Number two, be very cautious with humor.  Sometimes people tell jokes and they are not funny at all. You have to make sure the mantle of humor has descended upon you, as I heard someone once say about the use of humor in presentations.

          Third, you need a very strong opening. You need to have a very strong close … especially a very strong close. You want to make learning easy. Human memory isn’t really all that great after a month.  I saw a statistic that people retain less than 10% a month later. So you don’t want your audience to retain less than 10% of what you told them or what you were paid to show them. You want to reinforce it with a hand out.  I use a 4” x 6” card and I put down the three or four most important action steps.  You want to make learning and retention as easy as possible.

 It’s all about them and it’s not about us.  That’s why gestures are not the most important thing. Looking appropriate is important. You can be beautifully dressed and still not engage the audience.

DL:    While you have received many great accolades and acknowledgements over your career, the quote from Dan Strutzel of Nightingale Conant about you and Zig has to be up near the top.  Who do you consider the top speakers?

MW:  I think Zig was brilliant. I really believe that he was the best speaker in the world. I think however he made a major mistake.  He talked about his religious beliefs.  I heard Zig said that on many occasions, and I saw people get up and  walk out.  They didn't come to a business meeting to have religious beliefs looking for someone to proselytize to them.  I respect whatever people want to believe and if you're in  your church, that’s fine. If you're in a business meeting with managers, leaders and owners; they might not want to hear that your specific religious belief is the only thing that’s right and true.  That’s the mistake that he made.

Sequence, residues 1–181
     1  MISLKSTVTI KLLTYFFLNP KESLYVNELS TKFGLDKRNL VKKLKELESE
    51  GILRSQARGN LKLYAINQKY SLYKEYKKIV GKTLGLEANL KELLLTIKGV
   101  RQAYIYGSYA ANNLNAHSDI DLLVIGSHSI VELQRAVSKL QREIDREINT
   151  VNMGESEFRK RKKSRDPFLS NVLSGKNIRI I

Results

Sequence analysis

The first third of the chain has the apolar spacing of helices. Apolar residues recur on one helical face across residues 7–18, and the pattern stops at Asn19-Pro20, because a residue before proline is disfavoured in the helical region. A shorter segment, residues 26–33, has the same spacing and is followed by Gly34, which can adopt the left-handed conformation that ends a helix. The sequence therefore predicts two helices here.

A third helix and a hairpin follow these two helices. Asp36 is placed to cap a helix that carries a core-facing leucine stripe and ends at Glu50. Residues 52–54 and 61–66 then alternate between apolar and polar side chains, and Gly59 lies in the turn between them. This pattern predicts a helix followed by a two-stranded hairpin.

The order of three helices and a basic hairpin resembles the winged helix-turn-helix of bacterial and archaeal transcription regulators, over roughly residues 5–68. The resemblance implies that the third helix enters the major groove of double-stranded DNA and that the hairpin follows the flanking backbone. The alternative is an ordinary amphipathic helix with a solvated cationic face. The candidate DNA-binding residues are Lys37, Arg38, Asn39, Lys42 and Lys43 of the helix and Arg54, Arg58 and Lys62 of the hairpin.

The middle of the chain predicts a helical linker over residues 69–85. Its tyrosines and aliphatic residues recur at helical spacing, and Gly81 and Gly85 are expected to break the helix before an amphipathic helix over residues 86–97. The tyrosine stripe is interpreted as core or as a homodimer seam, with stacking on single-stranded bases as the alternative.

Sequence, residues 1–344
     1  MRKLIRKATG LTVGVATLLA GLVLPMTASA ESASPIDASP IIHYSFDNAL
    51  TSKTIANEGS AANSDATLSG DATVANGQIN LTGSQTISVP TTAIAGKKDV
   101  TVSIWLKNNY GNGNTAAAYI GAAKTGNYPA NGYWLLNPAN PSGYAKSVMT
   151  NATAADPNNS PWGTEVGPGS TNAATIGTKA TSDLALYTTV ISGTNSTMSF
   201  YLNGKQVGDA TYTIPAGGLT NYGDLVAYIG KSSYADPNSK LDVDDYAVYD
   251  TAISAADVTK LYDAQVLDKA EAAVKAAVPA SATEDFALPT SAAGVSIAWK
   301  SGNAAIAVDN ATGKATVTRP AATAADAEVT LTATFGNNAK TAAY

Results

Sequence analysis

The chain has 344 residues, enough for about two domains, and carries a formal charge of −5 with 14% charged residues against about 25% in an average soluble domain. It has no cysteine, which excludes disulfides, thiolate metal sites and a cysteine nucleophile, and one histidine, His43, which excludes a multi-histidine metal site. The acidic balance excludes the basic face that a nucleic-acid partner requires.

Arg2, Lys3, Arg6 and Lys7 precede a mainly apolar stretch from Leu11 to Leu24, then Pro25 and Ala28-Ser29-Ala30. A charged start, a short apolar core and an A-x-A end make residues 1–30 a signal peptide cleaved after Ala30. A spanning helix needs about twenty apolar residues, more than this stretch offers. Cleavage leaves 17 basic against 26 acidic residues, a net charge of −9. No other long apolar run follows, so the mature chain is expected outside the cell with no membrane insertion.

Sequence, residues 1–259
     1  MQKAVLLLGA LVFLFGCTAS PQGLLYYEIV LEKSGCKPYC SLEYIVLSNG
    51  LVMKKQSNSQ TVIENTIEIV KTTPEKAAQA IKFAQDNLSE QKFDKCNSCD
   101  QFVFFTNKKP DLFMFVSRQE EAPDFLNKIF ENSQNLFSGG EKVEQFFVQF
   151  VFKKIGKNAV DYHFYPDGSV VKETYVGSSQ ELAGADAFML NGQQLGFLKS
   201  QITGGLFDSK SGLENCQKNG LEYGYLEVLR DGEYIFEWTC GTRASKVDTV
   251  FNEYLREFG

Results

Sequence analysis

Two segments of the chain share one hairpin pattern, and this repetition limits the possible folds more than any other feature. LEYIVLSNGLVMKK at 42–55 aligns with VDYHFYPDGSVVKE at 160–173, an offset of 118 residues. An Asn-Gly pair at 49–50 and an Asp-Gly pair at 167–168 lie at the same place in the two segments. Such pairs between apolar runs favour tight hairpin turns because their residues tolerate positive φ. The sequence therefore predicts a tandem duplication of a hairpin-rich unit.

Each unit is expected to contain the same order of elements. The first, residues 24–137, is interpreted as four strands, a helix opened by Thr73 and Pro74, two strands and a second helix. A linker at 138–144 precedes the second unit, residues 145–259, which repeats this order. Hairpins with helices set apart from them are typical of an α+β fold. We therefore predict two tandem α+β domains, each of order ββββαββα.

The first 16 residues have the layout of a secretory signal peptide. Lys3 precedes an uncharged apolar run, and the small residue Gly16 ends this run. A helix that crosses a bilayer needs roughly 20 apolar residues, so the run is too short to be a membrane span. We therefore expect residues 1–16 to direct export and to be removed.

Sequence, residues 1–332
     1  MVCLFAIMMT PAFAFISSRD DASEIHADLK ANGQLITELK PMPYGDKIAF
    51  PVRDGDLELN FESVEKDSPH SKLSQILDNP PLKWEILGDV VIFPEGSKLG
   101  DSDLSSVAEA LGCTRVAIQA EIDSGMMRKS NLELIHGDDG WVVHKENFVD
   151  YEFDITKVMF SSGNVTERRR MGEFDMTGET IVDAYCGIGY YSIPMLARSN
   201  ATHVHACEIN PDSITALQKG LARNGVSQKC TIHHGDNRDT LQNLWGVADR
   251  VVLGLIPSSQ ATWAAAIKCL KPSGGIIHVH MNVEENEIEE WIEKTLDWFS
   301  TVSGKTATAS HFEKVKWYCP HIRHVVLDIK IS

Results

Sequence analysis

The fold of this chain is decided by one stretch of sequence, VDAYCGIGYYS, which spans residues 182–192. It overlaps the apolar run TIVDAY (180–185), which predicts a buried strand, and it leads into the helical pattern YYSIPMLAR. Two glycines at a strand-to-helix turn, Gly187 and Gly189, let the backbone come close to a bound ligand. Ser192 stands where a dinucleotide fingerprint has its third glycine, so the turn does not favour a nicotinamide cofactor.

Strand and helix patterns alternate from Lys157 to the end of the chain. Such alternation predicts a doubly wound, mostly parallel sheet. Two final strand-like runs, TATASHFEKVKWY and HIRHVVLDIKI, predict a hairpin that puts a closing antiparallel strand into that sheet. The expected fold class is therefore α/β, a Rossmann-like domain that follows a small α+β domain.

My personal favorite is a man named W Mitchell.  Do you know his story, Dean?

DL:    Yes I do. He overcame great personal adversity.  He endured a major motorcycle crash where he was burned over 90% of his body; and then experienced a crash in an airplane which he was piloting and was confined to a wheelchair. It is truly a story of overcoming adversity.  I met him at a convention of the National Speakers Association.